From the back cover:
A collection of the classic games of British chess, including one or two which, though truly memorable, are by no means masterpieces; with a few more included by way of a little light relief. We shouldn’t be serious all the time, even at the chess board.
Neil is a retired county court judge who, after living in Bedford for over 40 years and playing for Bedford (and on Bedfordshire on occasions when they got desperate), now lives near Norwich and plays for Wymondham chess club.
Before going further please take this opportunity to Look Inside.
Despite being published in 2019 BCN was recently offered a copy of Memorable Games of British Chess and was unable to resist the chance to review this self-published Amazon book from Neil Hickman, a friend of Jim Plaskett.
The book is a paperback and of a size making it physically easy to read. Unlike some Amazon published efforts the paper is of decent quality (not yellowing) and the printing is clear. The diagrams are frequent and excellent of a decent size. Each diagram has a [Position after 24.0-0] type caption.
Many of you will be familiar with
which highlight successes by British chess players.
The authors book presents ninety OTB and correspondence games (which is a nice touch) covering the period 1788(!) to 2016 and selecting just this number must have been challenging to say the very least. Confidence in the book is derived early from a truly excellent List of Sources demonstrating an academic and studious attitude to the job in hand.
Each game is prefaced by background information on the game, venue, circumstances and details of the players all of which is most welcome. The book started well since the first game Bowdler-Conway, London, 1788 was unknown to myself. Instantly memorable however since Thomas Bowdler caused the creation of the verb “Bowdlerise” and the game was one of the very first recorded double rook sacrifices that is also discussed in the charming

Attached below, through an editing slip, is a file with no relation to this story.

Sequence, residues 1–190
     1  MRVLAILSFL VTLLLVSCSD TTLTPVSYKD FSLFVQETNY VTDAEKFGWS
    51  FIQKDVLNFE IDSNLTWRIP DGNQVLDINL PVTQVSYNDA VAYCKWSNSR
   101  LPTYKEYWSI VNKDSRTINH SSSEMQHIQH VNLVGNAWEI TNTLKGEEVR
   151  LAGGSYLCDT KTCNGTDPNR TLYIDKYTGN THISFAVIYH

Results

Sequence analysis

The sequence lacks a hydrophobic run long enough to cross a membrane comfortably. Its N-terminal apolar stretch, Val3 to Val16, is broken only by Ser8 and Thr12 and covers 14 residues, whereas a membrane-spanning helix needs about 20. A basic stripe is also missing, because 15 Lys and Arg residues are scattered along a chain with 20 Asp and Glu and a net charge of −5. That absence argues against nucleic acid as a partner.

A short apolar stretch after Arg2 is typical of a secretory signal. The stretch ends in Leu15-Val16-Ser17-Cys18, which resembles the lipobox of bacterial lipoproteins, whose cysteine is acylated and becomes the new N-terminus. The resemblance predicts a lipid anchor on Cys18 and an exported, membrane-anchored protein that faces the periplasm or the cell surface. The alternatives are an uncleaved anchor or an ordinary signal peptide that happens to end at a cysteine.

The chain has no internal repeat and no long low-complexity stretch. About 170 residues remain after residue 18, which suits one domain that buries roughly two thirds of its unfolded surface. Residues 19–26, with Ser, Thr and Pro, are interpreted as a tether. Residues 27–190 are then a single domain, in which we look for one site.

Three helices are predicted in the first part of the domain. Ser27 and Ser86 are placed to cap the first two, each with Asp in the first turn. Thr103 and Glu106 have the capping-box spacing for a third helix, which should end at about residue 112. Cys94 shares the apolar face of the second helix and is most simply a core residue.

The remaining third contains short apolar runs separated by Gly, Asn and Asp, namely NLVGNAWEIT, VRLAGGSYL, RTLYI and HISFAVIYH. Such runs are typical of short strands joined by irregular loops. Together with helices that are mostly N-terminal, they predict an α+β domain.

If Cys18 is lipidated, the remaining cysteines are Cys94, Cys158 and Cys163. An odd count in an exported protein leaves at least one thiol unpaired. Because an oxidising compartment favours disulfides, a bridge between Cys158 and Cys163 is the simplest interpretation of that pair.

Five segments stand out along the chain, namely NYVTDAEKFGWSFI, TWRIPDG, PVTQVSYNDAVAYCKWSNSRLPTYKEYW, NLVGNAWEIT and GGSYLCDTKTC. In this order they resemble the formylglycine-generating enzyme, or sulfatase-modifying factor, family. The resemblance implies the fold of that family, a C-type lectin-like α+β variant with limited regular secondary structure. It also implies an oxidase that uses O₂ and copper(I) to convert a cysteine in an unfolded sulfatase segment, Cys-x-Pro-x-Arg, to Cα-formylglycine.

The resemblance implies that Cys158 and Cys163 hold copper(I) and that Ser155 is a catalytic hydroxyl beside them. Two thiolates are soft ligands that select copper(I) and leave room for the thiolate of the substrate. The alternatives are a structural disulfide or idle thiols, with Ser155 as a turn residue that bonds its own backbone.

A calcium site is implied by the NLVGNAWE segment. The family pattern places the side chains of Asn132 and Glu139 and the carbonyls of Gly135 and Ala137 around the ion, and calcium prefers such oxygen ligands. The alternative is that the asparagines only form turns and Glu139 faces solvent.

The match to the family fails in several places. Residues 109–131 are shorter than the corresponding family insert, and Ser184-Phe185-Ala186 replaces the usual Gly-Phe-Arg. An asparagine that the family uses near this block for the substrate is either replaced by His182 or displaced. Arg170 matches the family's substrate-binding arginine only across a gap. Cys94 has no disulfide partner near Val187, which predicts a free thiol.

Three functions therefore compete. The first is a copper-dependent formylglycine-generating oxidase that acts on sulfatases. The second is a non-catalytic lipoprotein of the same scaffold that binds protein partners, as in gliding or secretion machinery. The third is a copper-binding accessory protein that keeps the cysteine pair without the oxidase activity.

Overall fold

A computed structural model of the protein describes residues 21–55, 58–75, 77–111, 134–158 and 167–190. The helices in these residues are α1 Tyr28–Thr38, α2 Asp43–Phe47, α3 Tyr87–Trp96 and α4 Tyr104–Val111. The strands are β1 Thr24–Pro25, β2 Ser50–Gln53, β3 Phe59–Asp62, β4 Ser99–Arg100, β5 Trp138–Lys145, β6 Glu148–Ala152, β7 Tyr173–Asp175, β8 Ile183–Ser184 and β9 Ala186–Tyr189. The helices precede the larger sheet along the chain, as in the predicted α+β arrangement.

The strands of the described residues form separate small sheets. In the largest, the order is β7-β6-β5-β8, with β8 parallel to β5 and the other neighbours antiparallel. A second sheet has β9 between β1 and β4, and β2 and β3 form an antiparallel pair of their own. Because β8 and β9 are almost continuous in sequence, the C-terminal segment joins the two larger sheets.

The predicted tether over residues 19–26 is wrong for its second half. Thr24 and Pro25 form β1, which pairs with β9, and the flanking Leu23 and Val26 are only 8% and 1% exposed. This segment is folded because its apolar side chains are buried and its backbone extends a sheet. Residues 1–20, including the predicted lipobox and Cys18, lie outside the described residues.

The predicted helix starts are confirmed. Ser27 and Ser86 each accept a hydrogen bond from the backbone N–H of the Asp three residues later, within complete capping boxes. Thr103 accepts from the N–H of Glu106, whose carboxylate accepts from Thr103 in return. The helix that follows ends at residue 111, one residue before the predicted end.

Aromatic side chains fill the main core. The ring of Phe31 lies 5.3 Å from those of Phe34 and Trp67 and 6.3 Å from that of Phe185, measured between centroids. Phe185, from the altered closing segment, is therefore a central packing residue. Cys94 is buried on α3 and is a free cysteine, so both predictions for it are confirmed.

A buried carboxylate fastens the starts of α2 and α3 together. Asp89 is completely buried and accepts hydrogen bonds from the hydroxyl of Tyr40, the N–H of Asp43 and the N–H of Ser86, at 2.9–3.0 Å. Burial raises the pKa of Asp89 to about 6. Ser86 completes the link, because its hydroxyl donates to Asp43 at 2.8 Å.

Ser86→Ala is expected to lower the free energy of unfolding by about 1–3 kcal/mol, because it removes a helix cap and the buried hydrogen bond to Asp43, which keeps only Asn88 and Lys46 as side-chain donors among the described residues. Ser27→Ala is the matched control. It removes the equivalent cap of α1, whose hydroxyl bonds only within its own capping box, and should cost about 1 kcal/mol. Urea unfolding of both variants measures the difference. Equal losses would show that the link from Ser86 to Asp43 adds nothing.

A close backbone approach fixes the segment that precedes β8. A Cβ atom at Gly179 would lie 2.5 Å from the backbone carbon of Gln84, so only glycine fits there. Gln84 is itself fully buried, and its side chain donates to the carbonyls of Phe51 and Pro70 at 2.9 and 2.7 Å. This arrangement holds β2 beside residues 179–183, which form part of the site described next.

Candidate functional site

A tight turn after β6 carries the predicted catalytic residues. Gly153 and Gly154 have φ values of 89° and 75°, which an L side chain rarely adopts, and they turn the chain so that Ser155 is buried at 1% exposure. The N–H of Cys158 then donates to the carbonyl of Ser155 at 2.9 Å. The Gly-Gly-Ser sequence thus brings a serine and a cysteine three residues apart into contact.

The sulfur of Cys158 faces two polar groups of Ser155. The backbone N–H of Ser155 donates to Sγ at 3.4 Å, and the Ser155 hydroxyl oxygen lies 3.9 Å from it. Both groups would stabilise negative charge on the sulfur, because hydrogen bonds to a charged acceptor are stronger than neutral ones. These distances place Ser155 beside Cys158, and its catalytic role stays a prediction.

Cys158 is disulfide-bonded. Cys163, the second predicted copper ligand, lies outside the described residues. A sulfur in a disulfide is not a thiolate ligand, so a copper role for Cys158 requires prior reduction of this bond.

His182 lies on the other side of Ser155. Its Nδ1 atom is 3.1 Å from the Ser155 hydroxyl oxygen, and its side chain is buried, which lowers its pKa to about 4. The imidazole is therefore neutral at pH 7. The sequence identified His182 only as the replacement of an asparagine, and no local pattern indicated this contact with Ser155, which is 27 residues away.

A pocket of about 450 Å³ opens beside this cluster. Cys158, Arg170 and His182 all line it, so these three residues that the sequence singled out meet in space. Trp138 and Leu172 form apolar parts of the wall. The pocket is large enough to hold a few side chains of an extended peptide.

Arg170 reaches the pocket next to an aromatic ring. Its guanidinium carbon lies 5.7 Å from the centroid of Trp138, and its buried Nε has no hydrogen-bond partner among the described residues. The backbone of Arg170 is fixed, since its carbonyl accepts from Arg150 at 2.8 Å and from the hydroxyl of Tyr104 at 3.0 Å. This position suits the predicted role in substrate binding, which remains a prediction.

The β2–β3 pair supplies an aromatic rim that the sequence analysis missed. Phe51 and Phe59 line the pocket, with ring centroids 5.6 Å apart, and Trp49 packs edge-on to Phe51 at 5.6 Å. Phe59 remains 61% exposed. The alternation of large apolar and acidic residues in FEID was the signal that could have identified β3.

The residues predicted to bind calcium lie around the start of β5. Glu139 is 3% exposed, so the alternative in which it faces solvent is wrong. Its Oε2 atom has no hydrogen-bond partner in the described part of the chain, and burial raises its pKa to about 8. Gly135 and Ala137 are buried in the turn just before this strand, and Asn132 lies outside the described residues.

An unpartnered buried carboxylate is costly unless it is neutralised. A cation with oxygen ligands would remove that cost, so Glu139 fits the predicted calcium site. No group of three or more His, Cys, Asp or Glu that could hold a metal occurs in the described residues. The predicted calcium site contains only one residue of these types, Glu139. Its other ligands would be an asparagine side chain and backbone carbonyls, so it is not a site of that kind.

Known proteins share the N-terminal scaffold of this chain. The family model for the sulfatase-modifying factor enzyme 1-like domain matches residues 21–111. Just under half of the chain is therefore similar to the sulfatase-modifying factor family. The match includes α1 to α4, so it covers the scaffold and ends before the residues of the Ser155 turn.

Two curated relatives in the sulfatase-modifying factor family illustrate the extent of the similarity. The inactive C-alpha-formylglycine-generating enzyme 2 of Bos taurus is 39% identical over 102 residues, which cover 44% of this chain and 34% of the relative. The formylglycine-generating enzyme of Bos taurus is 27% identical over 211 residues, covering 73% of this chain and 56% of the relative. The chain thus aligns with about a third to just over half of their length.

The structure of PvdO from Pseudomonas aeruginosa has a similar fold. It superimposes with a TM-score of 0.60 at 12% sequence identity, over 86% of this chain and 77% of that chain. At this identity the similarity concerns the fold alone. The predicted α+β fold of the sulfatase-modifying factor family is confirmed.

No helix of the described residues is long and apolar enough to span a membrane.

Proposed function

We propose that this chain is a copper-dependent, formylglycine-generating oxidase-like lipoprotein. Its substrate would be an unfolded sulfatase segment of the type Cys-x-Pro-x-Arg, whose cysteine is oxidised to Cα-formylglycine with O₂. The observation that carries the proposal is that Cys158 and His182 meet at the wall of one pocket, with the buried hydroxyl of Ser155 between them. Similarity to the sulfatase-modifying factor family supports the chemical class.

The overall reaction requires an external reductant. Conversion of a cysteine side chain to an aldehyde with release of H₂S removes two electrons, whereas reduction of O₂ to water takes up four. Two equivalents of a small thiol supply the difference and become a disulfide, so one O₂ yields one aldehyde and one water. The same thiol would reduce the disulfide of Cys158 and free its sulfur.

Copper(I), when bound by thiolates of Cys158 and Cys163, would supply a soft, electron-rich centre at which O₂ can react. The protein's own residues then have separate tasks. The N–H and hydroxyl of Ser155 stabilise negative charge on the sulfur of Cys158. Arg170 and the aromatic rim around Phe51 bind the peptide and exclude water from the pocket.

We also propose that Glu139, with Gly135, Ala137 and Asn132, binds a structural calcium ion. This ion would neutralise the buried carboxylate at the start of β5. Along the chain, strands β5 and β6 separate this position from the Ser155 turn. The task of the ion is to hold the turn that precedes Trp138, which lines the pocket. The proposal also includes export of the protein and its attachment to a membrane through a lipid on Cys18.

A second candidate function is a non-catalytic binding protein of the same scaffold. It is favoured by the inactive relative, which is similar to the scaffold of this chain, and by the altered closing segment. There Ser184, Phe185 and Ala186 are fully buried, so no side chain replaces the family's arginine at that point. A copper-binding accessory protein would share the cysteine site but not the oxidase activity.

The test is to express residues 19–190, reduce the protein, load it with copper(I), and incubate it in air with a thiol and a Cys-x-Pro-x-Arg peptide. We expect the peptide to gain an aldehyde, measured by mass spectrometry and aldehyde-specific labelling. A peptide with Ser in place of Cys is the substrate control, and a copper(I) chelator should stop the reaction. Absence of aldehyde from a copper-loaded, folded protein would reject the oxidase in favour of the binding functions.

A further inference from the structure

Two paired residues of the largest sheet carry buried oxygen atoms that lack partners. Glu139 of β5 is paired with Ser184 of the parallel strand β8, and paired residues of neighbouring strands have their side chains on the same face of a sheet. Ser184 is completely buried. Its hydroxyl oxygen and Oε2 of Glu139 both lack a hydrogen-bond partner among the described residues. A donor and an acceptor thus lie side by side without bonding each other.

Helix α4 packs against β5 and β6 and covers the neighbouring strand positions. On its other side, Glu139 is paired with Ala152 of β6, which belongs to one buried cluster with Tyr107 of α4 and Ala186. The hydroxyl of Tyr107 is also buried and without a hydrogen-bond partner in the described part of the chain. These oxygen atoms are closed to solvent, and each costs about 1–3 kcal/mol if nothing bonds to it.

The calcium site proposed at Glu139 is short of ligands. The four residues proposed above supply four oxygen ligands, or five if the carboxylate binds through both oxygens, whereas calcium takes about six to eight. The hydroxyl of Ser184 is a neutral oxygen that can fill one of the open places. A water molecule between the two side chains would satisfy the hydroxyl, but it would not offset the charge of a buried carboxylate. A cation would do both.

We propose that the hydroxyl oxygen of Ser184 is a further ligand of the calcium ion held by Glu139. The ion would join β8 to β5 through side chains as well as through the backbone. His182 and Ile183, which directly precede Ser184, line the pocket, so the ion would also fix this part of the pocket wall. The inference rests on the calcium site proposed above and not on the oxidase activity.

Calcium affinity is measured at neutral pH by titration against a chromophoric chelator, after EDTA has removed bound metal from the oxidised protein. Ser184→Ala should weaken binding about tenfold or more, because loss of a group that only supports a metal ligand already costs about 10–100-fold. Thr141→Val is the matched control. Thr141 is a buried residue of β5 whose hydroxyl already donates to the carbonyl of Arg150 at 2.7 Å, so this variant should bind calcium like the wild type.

To give you some idea of the annotations here we have game 66, Ligterink-Miles, Wijk aan Zee, 1984:
A wonderful finish to be sure.
and secondly we have Game 58 played in Luton in 1976 between Viktor Korchnoi and Peter Montgomery:
also delightful in its own modest way.
The other 88 games all have their own significance including games of historical significance covering many of the greats with detailed articles on this review web site.
The author clearly has done his homework and a nice touch is the listing for each game of where in the literature it had been previously annotated. The notes are chatty and friendly and not spoilt by reams of dull engine analysis. It was delightful to find mentions of British players who rarely get a mention such as Edward Jackson, Thomas Lawrence, Francis William Viney of the General Post Office, Herbert Francis Gook of HM Customs, Harold Saunders and Kenneth Charlesworth to name but a few.
Of course, the old favourites are given the treatment including Alekhine-Yates, Capablanca-Thomas, Bronstein-Alexander, Penrose-Tal etc plus our modern heroes such as Michael Adams, Luke McShane, Gawain Jones, David Howell, Julian Hodgson, Nigel Short and John Nunn.
I particularly like the annotations which include those from other notable authors and sources and in summary, this is a charming book that would make an excellent coffee table book for any chess enthusiast and you won’t be disappointed.
Please add it to your Christmas list!
John Upham, Cove, Hampshire, 11th November, 2021
You can buy the book on Amazon via here
- Publisher: Independently published (3 September 2019)
- Language: English
- Paperback: 271 pages
- ISBN-10: 1794053565
- ISBN-13 : 978-1794053564
- Dimensions: 17.78 x 1.83 x 25.4 cm